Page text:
Christina stated, "We want to influence the younger generation who will inherit the problem." But, according to Resa, "The challenge is, how do we train our teachers?"
"The smoke of [industrial] chimneys is the breath of Soviet Russia." (Statement on a 1961 Soviet stamp.)
Natalia Tarasova is UNESCO Chair of "Green Chemistry for Sustainable Development" at Mendeleev University of Chemical Technology of Russia in Moscow. She has worked since the Soviet era to overcome entrenched ways of thinking and promote ideas for sustainable development in modern-day Russia. Due to bureaucratic matters, Natalia was not able to get a visa in time to attend the award symposium in New Orleans. However, one of her former students, Alexey Leontyev -- currently a graduate student at the University of Northern Colorado -- presented her lecture on her behalf. Alex noted that Professor Tarasova is a "pioneer in her efforts of bringing ideas of sustainable development into the [Russian] university curriculum."
Richard Jarman teaches at the College of DuPage. Richard was recognized for a collaborative project involving the College of DuPage, the City of Naperville, Argonne National Laboratory, and Packer Engineering. Collectively, they designed and constructed a Green Fuels Depot (GFD) as a sustainable energy source based on the gasification of community-generated yard waste.
While a biomass energy source such as corn might create an ethical issue because corn is food, Richard's GFD uses cellulose, thus avoiding the ethical concern. He mused, "Not too many people eat grass." Richard further stated, "Education is more than just balancing equations." He has "a responsibility as an educator to introduce [his] community college students to the larger issues of society."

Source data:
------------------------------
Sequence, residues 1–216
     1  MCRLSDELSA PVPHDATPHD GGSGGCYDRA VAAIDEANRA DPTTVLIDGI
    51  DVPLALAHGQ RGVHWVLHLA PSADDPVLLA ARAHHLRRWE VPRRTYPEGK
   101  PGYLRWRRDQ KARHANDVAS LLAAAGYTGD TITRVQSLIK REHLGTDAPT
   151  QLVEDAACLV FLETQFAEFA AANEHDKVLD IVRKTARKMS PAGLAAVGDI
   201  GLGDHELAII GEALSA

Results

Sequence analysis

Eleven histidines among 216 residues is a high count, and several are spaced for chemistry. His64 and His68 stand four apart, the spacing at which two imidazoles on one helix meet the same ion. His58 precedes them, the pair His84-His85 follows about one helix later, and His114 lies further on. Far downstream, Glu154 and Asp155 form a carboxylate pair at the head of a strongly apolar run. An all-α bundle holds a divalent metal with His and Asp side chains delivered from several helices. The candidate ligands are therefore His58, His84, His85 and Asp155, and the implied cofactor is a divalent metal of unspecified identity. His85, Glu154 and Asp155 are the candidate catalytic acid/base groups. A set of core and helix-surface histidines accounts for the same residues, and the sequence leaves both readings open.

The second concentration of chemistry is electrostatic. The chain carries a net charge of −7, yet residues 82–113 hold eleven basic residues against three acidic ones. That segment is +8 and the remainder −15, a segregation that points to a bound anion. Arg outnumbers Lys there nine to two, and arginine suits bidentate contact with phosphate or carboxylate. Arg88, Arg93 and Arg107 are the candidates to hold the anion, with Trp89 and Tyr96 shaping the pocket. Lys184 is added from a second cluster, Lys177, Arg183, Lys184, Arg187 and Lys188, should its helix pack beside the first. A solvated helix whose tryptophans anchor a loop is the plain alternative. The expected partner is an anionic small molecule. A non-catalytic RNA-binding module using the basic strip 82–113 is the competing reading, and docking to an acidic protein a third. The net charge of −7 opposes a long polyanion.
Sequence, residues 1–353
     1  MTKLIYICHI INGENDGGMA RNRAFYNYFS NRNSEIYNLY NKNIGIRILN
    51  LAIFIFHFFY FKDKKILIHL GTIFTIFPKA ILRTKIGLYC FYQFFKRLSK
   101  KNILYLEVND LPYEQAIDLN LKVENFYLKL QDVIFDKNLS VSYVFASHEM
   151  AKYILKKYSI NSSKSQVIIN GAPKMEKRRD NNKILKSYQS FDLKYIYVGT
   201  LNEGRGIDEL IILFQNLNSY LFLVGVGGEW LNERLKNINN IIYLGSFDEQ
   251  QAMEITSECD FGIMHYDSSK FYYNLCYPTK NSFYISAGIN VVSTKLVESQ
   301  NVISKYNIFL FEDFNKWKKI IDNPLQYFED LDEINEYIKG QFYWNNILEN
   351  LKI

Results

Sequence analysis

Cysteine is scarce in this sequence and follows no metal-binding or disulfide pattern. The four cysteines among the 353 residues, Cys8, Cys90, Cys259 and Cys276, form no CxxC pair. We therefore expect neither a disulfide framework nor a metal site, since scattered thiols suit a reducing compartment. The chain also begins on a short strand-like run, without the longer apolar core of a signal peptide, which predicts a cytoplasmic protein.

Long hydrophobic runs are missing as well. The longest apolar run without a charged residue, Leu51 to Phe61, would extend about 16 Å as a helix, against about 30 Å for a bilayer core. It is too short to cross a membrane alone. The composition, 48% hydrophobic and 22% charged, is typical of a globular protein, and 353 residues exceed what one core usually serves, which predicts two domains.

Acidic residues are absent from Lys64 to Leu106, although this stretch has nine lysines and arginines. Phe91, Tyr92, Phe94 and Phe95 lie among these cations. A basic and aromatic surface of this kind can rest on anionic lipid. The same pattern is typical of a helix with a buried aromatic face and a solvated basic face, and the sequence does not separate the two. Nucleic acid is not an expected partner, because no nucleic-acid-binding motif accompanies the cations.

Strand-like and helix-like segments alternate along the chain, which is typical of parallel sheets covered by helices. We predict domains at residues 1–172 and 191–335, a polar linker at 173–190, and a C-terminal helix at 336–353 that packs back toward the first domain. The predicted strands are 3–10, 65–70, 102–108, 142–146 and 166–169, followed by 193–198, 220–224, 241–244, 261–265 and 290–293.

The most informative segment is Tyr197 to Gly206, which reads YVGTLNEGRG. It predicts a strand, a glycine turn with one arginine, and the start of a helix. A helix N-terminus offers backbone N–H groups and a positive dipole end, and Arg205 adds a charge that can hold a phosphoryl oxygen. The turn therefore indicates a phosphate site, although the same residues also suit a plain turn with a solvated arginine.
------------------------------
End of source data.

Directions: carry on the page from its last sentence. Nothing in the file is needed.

Andy Jorgensen is a professor at the University of Toledo. He was recognized for his outreach efforts to increase climate change literacy. Climate change is one of the most pressing sustainability issues of our time. Andy stated, "Climate change is not broadly understood and there are many misconceptions." He has taken on a mission as an educator and scientist to inform the general public in a respectful way about the physical facts and possible consequences of climate change. He has developed a talk that utilizes personal response devices to probe the knowledge and opinions of audience members. His methods allow greater participation by audience members which helps to increase the impact of the message. He has given his talk to more than 50 audiences.
CEI Chair Matt Fisher stated, "Curricular content versus sustainability is not an either-or. It is both." With educators like those recognized by ACS in New Orleans, "Ten years from now, hopefully, we won't need this award program. People will be doing it."